What does business intelligence mean to an SMB, and how do I take advantage of it to work smarter?
This question cannot be answered without a definition of business intelligence (BI), which simply means turning your data into information that is useful to make decisions.
SMBs, just like larger companies, need BI. Most organizations don’t get the information they want from their existing computer systems without going through hoops, and these hoops are usually Excel spreadsheets. Spreadsheets are inefficient and unreliable; errors can creep in anytime through re-keying or calculation mistakes. There is no audit trail on changes, so errors may go undetected. To make matters worse, spreadsheets are not updated as things change in the real world, so decisions are sometimes made based on old data.
Another problem shared by both small and large organizations is that decisions are not just based on the data in an accounting or enterprise resource planning (ERP) system. What about operational data about customer satisfaction or operational efficiency? This information could be collected through surveys that are outside of any business system you have, and still be critical to decision making. It should be included.
BI is supposed to take the mechanics out of certain processes. It can be a report on your desk every Monday morning that has exactly the information you need, or a dashboard-like presentation of key information that is available every day when you turn on your computer. Often BI is considered synonymous with On-Line Analytical Processing (OLAP). With OLAP, you can slice and dice the data any way you want to without asking for help. OLAP allows you to view your operations from multiple dimensions such as customer type, region, product type, or by salesman. You could drill down for details or graph the results easily. OLAP has so far been implemented mostly at the larger organizations and OLAP vendors are still able to charge the big bucks to these companies. But you can expect prices to fall as competition heats up and the larger companies are saturated with the technology.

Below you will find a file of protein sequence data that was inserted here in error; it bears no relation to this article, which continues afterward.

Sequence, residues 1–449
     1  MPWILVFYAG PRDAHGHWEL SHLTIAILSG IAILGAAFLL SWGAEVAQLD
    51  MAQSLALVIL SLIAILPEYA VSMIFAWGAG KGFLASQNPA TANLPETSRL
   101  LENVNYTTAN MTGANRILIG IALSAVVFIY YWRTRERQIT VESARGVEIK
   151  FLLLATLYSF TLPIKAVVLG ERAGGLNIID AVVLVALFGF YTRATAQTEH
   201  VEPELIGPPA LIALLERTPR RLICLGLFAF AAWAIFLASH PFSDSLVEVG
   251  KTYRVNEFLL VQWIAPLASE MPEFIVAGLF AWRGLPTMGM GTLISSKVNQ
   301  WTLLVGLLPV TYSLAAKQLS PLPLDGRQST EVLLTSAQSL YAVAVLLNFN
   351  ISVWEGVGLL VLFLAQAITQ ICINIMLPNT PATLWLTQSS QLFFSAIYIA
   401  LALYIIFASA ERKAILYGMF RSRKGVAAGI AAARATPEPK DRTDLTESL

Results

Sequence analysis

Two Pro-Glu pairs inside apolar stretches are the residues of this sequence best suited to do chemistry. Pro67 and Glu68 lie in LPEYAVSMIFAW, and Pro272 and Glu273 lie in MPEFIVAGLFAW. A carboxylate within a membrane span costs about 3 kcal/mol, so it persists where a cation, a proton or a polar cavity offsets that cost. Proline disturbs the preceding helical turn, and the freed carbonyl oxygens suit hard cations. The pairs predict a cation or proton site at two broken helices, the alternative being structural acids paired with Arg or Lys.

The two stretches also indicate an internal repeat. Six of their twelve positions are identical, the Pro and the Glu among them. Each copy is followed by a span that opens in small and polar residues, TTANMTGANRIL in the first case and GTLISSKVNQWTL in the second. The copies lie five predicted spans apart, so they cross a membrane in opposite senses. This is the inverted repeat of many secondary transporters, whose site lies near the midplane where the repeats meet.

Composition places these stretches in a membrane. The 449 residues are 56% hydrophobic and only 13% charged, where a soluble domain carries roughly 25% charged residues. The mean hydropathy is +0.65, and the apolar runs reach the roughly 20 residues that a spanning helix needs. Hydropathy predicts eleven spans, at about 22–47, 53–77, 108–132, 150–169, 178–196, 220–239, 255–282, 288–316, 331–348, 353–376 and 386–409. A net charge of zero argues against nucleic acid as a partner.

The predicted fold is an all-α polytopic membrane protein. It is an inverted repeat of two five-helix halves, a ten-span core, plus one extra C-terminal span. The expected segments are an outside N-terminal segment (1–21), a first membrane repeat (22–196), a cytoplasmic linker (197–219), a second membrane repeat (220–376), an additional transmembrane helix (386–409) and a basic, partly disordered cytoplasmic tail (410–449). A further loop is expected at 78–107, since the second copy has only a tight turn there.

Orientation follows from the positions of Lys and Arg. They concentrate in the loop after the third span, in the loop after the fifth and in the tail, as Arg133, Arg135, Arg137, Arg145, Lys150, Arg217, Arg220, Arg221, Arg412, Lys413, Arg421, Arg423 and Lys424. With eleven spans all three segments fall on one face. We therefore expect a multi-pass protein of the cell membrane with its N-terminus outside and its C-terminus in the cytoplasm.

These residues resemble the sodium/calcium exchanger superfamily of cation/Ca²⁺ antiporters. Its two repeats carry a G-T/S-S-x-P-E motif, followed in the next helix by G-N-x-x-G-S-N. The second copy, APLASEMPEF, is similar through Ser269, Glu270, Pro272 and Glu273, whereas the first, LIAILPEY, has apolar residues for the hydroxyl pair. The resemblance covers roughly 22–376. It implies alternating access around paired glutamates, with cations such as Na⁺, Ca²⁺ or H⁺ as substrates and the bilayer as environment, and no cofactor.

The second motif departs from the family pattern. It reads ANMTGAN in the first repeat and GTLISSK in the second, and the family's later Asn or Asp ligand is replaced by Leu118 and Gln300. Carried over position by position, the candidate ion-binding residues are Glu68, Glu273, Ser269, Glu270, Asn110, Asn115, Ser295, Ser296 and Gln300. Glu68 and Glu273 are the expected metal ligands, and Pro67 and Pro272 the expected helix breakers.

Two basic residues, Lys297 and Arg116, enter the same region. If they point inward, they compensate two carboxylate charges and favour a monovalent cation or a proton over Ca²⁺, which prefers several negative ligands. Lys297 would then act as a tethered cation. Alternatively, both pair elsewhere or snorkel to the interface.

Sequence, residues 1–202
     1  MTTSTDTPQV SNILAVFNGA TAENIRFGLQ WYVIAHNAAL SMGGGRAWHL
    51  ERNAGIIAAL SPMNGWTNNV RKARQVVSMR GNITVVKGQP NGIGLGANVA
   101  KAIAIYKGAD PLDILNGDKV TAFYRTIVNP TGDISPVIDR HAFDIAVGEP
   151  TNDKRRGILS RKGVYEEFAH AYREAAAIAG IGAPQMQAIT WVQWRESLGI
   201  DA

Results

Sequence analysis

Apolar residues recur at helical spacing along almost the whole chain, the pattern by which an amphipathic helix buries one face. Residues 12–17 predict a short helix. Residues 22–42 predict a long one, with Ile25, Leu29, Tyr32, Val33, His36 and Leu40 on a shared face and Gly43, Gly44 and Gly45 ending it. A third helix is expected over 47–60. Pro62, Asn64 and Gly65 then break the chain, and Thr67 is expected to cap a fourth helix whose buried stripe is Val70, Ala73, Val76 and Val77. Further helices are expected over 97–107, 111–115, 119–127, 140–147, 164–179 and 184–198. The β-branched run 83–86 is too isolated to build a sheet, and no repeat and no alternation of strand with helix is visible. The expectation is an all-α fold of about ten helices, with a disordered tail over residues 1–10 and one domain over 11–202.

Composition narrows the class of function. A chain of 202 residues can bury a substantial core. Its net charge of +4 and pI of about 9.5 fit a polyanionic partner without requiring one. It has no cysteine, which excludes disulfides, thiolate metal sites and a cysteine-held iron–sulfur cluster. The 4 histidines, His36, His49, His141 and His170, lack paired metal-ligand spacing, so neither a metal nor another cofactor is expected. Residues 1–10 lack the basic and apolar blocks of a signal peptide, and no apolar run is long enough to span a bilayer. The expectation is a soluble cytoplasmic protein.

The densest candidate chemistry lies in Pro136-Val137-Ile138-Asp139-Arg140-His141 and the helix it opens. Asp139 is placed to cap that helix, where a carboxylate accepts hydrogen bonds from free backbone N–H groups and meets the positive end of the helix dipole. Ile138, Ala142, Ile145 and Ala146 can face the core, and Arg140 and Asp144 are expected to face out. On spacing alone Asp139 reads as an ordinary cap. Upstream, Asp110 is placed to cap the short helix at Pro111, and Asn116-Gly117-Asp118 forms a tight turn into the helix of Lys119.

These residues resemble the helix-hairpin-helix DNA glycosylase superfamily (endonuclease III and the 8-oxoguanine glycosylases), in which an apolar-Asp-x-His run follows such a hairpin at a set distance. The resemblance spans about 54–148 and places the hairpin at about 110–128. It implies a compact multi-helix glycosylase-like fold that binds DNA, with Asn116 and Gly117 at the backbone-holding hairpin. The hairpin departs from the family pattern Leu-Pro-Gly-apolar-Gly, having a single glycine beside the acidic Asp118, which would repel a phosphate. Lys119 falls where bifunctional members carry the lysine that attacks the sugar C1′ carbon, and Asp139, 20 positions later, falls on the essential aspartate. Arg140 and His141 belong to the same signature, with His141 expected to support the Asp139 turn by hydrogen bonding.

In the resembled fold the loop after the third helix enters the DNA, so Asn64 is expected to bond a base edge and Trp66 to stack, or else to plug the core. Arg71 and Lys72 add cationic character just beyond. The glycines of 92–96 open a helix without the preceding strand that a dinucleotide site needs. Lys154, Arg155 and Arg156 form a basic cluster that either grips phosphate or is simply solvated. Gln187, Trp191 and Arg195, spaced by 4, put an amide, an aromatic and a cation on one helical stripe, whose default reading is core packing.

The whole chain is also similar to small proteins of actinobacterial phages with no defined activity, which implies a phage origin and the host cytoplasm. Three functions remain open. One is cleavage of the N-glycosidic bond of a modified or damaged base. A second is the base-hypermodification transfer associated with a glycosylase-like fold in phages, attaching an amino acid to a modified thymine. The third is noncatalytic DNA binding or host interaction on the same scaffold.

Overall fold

Answering how one might take advantage of BI is tough. First, you need to know what information is important to make decisions. This information should address your critical success factors (CSFs) – what you must do very well in order to be successful. And you need to have measurements that tell you whether you are achieving your CSFs. People are also naturally motivated to perform well when results are being measured. Although defining CSFs and their measurements sounds easy, this is where most companies fail in taking advantage of BI.
Now all you need are tools to get the required information efficiently and effectively. You want the information to be integrated with your existing systems so you should probably turn to your current solution provider and ask them for assistance. If they can’t help or the costs are outrageous, it’s time to look for help from another solution provider. That’s not business intelligence, just common sense.
Michael Burns, MBA, CA, is president of <A HREF= http://www.180systems.com 180 Systems, which provides independent consulting advice including business process review, business case development and system selection. Michael can be reached at 416-485-2200 or by e-mail at firstname.lastname@example.org